This phase also involves strengthening any clean copies of your assets that you plan to use in recovery to replace affected components. For example, applying patches or replacing security measures like authentication with more appropriate ones. If you are not fully replacing assets, then you need to apply these fixes to your existing components.
Before moving on to the next phase, it is critical that you verify that all threats have been effectively removed. If any trace of an attack remains in your system, replacing or repairing your assets just creates a clean slate for attackers to start again.
In the recovery phase, you bring your production systems fully back online. This requires making important decisions as to which versions of a system you should recover to if you have not or cannot create updated versions of assets. It also involves thoroughly testing your restored system to ensure that vulnerabilities have been eliminated and that the system is functioning as expected.
6. Lessons learned
This is one of the most important phases and should be performed no more than two weeks after an incident has been resolved. During this phase your team reviews the how incident response went from start to finish. This includes identifying things that went smoothly and providing recommendations for how to improve processes that could have gone better.
If any documentation needs to be completed, now is the time to do it. Additionally, teams should take the time to more fully investigate any evidence collected to draw additional insight from it if possible. This insight can then be applied to improving preventative measures or detection processes in future cycles.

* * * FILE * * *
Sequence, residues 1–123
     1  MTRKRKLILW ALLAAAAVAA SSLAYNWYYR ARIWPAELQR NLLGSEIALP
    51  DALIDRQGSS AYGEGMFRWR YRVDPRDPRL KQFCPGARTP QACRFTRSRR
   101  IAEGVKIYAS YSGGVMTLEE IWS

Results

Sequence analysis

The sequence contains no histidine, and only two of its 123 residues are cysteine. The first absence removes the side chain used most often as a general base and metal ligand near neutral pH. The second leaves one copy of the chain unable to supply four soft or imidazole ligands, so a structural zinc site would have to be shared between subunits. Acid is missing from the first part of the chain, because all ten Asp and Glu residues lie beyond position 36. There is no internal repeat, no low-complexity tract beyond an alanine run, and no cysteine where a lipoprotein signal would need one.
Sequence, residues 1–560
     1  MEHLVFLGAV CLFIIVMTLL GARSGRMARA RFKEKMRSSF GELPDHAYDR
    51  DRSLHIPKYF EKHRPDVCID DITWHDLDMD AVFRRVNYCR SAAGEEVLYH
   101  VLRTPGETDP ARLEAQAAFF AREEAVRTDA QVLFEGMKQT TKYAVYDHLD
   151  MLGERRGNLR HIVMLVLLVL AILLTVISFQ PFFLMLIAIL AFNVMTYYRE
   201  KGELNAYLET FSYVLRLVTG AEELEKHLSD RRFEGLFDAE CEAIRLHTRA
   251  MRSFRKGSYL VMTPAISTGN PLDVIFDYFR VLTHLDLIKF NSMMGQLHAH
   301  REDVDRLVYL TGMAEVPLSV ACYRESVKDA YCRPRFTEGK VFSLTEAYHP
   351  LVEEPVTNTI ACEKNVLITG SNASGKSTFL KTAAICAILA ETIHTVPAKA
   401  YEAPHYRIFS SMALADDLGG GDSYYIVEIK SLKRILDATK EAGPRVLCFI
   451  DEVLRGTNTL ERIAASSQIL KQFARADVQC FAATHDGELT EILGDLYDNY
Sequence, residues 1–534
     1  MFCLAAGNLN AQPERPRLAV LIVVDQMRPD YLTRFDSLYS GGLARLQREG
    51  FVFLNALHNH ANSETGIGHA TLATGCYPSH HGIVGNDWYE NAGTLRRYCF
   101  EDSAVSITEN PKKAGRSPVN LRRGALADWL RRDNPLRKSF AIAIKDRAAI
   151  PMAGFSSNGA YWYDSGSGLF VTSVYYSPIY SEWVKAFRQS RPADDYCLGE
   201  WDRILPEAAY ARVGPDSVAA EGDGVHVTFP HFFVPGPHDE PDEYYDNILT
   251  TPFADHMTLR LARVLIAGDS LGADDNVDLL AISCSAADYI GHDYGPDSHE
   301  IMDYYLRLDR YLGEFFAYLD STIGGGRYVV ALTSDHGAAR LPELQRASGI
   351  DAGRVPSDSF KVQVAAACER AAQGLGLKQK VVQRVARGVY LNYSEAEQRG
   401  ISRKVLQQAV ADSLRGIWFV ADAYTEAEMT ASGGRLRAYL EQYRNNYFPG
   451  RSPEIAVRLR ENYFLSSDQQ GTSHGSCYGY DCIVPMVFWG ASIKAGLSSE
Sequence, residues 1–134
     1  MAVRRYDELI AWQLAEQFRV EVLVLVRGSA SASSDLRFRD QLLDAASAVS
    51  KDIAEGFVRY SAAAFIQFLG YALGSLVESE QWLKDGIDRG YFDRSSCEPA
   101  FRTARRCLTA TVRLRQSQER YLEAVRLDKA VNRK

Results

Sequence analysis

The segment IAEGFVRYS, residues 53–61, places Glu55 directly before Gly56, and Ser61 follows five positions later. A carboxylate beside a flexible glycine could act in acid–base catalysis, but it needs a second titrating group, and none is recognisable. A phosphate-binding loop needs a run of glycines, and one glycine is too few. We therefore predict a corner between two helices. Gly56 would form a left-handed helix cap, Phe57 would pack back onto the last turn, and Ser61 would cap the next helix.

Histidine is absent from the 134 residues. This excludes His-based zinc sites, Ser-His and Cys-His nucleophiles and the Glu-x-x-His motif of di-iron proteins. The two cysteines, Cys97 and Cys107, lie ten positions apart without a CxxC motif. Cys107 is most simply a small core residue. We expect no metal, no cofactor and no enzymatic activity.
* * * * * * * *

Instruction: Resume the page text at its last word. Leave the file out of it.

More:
When following your incident response process, three components should be present throughout. These components ensure that your team can work effectively and can help ensure that responses are quick and successful.
Visibility is key throughout the response process. To achieve and maintain it you need to centralize your monitoring and logging as much as possible. This means choosing solutions that can integrate a wide variety of data sources smoothly. It may also mean creating custom integrations to ensure that all tools can forward alerts, logs, and analyses effectively.
As much as possible you should try to automate your incident response workflow. Automation can significantly speed response time and helps ensure that responses are standardized. This eliminates the chance that mistakes are made or incident response steps are skipped due to oversight or responder stress. Generally, this is accomplished through the use of runbooks, scripted processes that a responder or tool can initiate as needed.
Collaboration and information-sharing
To effectively respond to incidents your team needs to collaborate and communicate. During response processes, you have many team members working on a wide variety of tasks. Many of these tasks rely on the information and efforts of others.
If you do not have coordination between team members you cannot know which tasks have already been completed or which to do next. In contrast, having clear communication channels ensures that all members understand what is happening throughout the response process, what the results of others’ efforts are, and what still needs to happen.
In Cynet, we implement a holistic and proactive incident response process. We provide high-end incident response automation and expert-lead incident response services.
Our platform, Cynet360, offers incident response automation capabilities that support the entire incident response cycle. Our incident response team, CyOps, is on call 24/7/365, helping enterprises of all sizes to get access to enterprises-scale incident response services.
Here’s what you can expect from the CyOps incident response team:
Learn how the Cynet Autonomous Breach Protection platform and the CyOps 24/7 incident response team can help you.